Review: Green Street [2005] - dir. Lexi Alexander

Matt Buckner (Elijah Wood) is a student who travels to London, where he forms an unlikely bond with his sister’s husband's brother, Pete Dunham (Charlie Hunnam), who introduces him to the world of football hooliganism. Violence breaks out at a West Ham game that Matt attends with Pete and Matt's initial trepidation at the violence swelling around him soon turns into a pulse-racing, visceral thrill. Suddenly finding a taste for the hooligan life, Matt joins Pete's "firm," the Green Street Elite, leading to further booze-fuelled confrontations and providing an opportunity for Matt to keep a journal explaining why he's attracted to such a violent pursuit. Surprisingly, Elijah Wood manages to fit perfectly into a role that seems ill-suited to his elfin, wide-eyed looks. Charlie Hunnam--who starred in the television programmes Queer As Folk and Undeclared--neatly complements Wood as the cockney boy who leads him into danger, and together the two actors manage to carve out convincingly violent characters. Thematically similar to The Football Factory, Green Street mixes loud, energetic soundtrack and roaming, trembling camera work to create a disquieting atmosphere in a movie punctuated with scenes of rampant brutality.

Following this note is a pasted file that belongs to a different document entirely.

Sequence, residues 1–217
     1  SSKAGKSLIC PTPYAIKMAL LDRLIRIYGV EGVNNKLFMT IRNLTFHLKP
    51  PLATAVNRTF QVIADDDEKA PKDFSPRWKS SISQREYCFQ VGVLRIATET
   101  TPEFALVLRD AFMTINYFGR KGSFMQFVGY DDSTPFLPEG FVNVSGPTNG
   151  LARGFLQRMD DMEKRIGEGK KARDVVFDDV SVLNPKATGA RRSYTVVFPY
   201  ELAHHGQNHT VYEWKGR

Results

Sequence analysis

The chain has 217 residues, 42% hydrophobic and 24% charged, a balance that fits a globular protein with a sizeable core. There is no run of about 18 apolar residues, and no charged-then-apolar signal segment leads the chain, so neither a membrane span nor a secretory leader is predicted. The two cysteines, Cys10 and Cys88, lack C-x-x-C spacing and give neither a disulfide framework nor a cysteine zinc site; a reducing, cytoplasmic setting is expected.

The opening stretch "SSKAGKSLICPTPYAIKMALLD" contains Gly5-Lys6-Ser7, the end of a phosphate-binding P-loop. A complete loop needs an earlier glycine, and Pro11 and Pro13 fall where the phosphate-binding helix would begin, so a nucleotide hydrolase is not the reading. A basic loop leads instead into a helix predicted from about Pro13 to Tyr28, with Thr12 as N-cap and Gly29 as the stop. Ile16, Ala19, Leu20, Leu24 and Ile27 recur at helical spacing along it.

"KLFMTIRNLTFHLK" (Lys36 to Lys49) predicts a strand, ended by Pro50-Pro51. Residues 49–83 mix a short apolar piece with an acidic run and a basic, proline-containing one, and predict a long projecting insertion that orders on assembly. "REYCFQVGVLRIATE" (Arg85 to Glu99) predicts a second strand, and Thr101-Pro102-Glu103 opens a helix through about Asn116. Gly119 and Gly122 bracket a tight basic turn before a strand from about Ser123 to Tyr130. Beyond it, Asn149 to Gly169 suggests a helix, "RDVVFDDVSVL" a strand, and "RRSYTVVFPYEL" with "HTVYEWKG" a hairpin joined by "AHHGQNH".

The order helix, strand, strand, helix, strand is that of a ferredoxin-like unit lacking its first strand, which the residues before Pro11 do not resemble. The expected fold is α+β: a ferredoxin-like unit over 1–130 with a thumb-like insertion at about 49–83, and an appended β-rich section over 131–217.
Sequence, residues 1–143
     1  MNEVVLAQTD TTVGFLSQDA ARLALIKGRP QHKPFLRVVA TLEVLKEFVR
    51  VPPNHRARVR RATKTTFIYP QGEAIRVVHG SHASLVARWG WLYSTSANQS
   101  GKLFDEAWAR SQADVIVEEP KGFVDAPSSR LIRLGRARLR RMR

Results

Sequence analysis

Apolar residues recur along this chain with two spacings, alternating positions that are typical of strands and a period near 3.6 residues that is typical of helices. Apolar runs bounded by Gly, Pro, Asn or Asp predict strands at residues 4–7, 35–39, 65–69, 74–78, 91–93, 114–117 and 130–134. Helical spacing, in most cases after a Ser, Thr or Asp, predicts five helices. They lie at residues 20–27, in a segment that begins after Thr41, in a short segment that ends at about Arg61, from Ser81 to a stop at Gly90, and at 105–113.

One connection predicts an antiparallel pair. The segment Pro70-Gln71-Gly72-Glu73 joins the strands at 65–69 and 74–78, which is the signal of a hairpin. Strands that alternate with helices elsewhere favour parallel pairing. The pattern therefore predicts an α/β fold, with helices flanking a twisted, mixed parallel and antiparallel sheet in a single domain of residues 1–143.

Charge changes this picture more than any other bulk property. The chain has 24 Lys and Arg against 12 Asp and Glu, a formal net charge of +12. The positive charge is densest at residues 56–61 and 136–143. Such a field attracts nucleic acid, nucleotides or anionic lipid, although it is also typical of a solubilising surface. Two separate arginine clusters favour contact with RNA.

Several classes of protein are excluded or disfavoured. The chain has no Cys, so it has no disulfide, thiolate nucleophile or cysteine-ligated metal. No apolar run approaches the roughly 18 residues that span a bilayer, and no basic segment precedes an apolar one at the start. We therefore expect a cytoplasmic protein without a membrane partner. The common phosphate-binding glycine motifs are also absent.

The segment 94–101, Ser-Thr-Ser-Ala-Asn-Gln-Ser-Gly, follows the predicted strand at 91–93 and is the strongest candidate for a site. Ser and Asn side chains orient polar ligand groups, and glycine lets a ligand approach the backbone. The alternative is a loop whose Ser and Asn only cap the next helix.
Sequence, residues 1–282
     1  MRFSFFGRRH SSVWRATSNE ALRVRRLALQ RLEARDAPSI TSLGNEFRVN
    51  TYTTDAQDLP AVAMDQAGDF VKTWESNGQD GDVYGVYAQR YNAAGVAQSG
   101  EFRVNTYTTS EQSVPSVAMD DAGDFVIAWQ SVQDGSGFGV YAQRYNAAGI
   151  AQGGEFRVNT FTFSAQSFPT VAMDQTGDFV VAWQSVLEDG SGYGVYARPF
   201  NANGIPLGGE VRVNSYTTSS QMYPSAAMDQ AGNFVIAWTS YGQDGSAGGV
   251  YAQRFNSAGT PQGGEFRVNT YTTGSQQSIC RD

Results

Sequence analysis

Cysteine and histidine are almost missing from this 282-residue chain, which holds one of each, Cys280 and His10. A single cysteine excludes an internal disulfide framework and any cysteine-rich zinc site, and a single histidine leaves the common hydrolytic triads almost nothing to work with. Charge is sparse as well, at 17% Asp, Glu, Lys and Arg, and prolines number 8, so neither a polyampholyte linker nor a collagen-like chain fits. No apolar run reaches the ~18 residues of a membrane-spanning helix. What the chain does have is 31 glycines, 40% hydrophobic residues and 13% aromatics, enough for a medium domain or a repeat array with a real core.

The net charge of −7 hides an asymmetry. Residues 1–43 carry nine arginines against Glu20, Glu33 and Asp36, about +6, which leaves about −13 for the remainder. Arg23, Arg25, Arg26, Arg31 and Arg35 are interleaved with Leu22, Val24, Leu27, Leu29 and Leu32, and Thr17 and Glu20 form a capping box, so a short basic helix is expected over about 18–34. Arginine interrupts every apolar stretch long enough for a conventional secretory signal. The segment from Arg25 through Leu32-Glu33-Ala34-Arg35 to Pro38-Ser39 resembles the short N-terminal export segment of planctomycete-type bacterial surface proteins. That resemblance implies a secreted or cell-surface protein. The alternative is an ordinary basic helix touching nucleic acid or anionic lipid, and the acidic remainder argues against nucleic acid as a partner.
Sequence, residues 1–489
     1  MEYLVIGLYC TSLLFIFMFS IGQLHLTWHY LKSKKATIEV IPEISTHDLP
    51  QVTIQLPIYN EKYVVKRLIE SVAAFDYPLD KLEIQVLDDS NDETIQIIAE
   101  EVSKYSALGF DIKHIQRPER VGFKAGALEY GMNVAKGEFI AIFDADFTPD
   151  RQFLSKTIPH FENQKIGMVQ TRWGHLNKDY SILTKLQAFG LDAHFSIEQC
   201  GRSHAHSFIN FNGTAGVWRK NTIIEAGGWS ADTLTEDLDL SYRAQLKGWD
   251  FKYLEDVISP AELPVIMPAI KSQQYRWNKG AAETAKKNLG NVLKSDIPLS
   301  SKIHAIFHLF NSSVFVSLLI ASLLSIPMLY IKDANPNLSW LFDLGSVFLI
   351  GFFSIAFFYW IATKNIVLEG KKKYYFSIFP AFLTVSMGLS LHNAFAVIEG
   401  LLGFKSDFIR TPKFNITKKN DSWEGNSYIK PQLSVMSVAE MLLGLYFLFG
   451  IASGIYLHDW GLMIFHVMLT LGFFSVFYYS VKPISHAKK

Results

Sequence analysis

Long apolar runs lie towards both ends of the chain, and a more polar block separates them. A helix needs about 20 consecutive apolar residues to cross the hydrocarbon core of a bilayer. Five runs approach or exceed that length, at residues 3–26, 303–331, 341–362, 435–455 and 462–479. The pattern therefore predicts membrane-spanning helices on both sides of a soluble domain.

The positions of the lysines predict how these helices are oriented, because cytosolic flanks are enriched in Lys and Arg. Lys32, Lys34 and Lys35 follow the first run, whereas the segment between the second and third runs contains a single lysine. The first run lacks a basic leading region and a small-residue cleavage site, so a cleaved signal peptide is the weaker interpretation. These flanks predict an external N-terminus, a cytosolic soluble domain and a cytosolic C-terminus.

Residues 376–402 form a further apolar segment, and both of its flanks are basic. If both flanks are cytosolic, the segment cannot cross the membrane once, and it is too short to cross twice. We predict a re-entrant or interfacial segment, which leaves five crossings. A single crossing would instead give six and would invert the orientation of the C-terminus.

OK let's get the niggles out of the way first, I have never been a fan of the strangely androgynous group of actors Hollywood has produced over the past decade or so, Tobey Maguire, Jake Gyllenhall and especially Elijah Wood, who's sole expression seems to consistent of a painful cross between bemusement and apathy. So naturally my reservations were many fold on approaching this film, not to mention the fact that I had concerns for Charlie Hunnam pulling off an authentic 'London' boy demeanour for his role as the leader of a local 'Firm', sadly those concerns were not put to rest by the first 30 minutes, as his accent slipped in and out willy-nilly during the opening scene-setting.

Thankfully due to some solid directing from Alexander and some tight editing by Paul Trejo, and not to mention the positively captivating screen time given to Marc Warren (the noughties answer to a young Malcolm McDowell if ever there was one), those reservations soon left me to concentrate on a solid, if not thought provoking, new school take on the old Rob Lowe Oxford Blues scenario... i.e. much-maligned innocent gets wrongly accused and travels far away to avoid his problems and his past and gets drawn into a new life. What ensues is a traditional story of mis-matched brotherhood, moral lessons, character building revolving around explosive moments of violence and revenge that Alexander pulls off with skill and a masterful touch of delicacy that is not present in it's contemporaries (Football Factory).

If you are able to overlook some mis-matched casting, and the absurdity of an American being admitted so readily into the arms of a tight-knit 'Firm' then you will be pleasantly surprised by the result.


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